Media Matters published an article Wednesday with the provocative title “How Matt Drudge became the pipeline for Russian propaganda.” The explanation offered in the article for the title’s grand claim, however, would be convincing only to someone who has no familiarity with what the Drudge Report, founded and edited by Matt Drudge, is.
Here is the argument made in the article for how the Drudge Report is a Russian propaganda pipeline:
Drudge has for years used his site as a web traffic pipeline for Russian propaganda sites, directing his massive audience to nearly 400 stories from RT.com and fellow Russian-government-run English-language news sites SputnikNews.com and TASS.com since the beginning of 2012, according to a Media Matters review. Those numbers spiked in 2016, when Drudge collectively linked to the three sites 122 times.
It may seem like the people at Media Matters are onto something until you consider how the Drudge Report website works. It is a news aggregating website that, on its homepage, presents many phrases or even single words in hypertext. Click on one of the hypertext items and you immediately access a linked article, video, image, or other information at its own website. Also, these hypertext items, and the information linked from them, at the Drudge Report change frequently so the website can maintain its popularity as a source for breaking and up-to-date information.
Looking at the Drudge Report on Monday morning, I counted 60 such hypertext items linking to information at many websites. If I look at the Drudge Report tomorrow, I can expect to see a similar number of such hypertext items, with many or even the majority of them new.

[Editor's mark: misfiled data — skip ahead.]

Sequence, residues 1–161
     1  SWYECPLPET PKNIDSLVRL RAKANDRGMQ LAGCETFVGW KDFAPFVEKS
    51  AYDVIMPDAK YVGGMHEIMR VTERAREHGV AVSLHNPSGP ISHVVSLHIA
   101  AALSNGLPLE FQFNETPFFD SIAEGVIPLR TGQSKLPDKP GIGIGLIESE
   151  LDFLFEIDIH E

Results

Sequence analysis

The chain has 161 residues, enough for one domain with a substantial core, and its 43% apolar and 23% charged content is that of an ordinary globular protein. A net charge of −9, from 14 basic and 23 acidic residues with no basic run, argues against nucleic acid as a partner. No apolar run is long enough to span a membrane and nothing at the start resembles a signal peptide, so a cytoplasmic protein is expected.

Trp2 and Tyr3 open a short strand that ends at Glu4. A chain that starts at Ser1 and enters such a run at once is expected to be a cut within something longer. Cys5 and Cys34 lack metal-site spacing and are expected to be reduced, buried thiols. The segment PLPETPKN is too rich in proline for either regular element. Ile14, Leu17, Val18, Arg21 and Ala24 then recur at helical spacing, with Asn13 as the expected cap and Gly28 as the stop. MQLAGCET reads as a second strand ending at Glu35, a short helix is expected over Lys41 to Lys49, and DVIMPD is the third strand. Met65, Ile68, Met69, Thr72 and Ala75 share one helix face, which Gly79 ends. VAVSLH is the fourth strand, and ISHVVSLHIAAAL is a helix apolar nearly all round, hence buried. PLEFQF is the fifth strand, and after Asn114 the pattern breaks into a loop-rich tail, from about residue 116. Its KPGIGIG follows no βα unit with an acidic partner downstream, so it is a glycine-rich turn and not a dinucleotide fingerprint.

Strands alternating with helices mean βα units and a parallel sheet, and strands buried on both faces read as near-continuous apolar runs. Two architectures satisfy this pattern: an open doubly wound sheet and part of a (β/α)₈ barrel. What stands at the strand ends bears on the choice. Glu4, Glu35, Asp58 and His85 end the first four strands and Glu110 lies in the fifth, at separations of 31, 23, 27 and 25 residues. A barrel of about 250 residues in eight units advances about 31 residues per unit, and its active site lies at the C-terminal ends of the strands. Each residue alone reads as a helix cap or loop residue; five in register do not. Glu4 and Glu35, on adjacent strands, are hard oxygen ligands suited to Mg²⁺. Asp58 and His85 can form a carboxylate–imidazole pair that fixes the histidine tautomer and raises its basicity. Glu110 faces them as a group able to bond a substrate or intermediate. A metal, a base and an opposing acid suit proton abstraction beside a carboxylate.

In this context, the number of links to three websites with a connection to the Russia government that the Media Matters article asserts have been present on the Drudge Report provides no indication of any Russian propaganda pipeline. Instead, it just indicates that the Drudge Report includes these websites among the many websites to which it links.
If Media Matters’ numbers are correct, the Drudge Report’s linking to these websites is sparing, especially considering how many links cycle through the website. Nearly 400 links in a little over five and a half years amounts to about one link every five days. The so-called spike to 122 such links Media Matters claims were at the Drudge Report in 2016 amounts to about one link every three days in that year.
The Drudge Report is a pipeline for current events information from a variety of sources. But, the portion of the information in that pipeline that the Media Matters article asserts is Russian propaganda amounts to a trickle at most.
Reprinted with permission from the Ron Paul Institute for Peace and Prosperity.